Which Wood Should I Use? Hardwoods vs. Softwoods

Which Wood Should I Use? Hardwoods vs. Softwoods

Johnny Williams
Aug 31, 2009

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Each species of wood exhibits a unique personality — some are easy going and fun to work with, others hardheaded and quick to snap. Woodworkers must psychoanalyze this manic material, turning character flaws into well-balanced furniture. To help you interpret wood's many moods, I've compiled a little list of the most common species and their notable traits.

Lumber is split into two major groups: hardwoods and softwoods. Curiously, these classifications don't reflect the density or durability of the tree, rather the structure of its seeds. So while most hardwoods are in fact hard, somehow balsa is allowed to masquerade in the same category as ebony. That's as if I were allowed to play for the Yankees just because I knew how to spit. Below are some common hardwoods:

White Ash: Easy to work especially for steam-bending and laminating projects. Light grain finishes and stains beautifully. Fun fact: used to make baseball bats.

Birch: A highly affordable choice used in the production of plywood sheets and firewood. Also a favorite for woodturning and instrument making.

Cherry: An American classic. Salmony in color at first, but turns brown when exposed to sunlight. Prolonged contact with power tools can cause the wood to burn.

Mahogany: A rich history of use in fine furniture. Currently difficult to come by due to preservation laws and logging shortages. Takes finishes and stains terrifically.

Sugar Maple: A very strong wood with straight grain and beautiful white coloring. Special varieties include curly maple and bird's eye maple.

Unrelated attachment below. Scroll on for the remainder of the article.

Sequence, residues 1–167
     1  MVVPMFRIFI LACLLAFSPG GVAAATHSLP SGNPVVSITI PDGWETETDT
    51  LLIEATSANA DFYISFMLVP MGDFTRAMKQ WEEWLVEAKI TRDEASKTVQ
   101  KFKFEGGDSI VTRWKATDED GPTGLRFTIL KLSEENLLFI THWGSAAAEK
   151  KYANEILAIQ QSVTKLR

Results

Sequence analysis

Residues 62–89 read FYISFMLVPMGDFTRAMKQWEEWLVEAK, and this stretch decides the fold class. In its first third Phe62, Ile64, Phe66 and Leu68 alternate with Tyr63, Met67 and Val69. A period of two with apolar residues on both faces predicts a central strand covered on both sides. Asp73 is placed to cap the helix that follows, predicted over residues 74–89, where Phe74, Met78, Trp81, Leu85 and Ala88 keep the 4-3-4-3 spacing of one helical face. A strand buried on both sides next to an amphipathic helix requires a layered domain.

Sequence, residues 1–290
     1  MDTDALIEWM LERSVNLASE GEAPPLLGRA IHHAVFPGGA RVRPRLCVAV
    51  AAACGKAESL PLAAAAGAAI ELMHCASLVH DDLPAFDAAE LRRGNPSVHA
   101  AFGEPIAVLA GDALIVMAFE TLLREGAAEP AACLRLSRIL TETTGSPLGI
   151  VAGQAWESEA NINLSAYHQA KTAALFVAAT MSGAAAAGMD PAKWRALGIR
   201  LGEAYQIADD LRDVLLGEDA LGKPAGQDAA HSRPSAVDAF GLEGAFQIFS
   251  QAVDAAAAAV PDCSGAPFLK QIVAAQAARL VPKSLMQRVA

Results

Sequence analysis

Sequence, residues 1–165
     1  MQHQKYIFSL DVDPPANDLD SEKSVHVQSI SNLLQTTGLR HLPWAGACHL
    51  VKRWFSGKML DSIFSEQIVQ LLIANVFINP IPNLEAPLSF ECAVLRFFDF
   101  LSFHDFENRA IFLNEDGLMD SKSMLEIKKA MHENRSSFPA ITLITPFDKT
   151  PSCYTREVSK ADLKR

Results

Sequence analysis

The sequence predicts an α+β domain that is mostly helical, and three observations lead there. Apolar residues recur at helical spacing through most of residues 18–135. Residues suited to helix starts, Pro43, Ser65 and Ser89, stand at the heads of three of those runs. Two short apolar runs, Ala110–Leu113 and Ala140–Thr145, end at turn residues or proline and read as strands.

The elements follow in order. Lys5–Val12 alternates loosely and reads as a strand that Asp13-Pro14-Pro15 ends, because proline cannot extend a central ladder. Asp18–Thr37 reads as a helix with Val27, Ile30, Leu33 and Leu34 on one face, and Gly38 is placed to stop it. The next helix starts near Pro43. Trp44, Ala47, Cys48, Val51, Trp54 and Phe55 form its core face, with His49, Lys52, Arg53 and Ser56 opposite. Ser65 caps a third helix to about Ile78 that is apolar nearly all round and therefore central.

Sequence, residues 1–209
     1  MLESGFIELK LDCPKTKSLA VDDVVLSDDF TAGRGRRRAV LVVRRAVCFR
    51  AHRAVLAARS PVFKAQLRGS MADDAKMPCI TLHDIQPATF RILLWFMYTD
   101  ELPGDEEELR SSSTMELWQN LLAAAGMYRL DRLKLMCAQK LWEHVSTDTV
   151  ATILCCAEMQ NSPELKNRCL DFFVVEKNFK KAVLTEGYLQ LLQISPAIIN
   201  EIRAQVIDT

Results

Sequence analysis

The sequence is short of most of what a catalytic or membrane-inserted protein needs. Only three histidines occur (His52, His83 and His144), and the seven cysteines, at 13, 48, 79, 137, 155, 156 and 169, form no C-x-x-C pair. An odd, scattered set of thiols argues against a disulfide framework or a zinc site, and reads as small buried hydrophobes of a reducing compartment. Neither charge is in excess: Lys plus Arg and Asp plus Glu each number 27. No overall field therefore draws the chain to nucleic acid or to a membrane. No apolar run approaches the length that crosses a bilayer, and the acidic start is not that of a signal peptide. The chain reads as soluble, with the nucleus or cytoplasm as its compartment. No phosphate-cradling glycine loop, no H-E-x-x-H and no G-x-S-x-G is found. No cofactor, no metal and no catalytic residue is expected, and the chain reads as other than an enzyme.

White Oak: A highly durable wood with rich figuring. Can be tiresome to work with hand tools. Known for its use in Arts and Crafts style furniture.

Walnut: Spectacular grain coloring. Heartwood is a purple-tinged brown, sapwood is cream colored. Takes polish extremely well. My personal favorite.

Now for some softwoods...

Douglas Fir: Water resistant and commonly used as a building material. Given Santa's seal of approval for use as Christmas trees.

Pine: Yellow colored with straight grain turns a rich amber over time. Softness allows for easy shaping, but wood is susceptible to denting.

Poplar: An affordable hobbyist's wood, great for model-making. Few knots due to limited number of branches.

(Images: 1 Flickr member mr*sha*mme*r licensed for use under Creative Commons, 2 West Coast Hardwoods, 3 Fence Fabric, 4 Vandersteen, 5 Oceanside Aluminum, 6, Wood Magazine, 7 Wood Wonder, 8 Edgewood Cabinetry, 9 Lambeth Custom Door, 10 Victorian Salvage, 11 Banks Hardwood)

Johnny is currently blogging his experience as a student at Maine's Center for Furniture Craftsmanship. You can keep track of his projects on his blog, Woodlearner.

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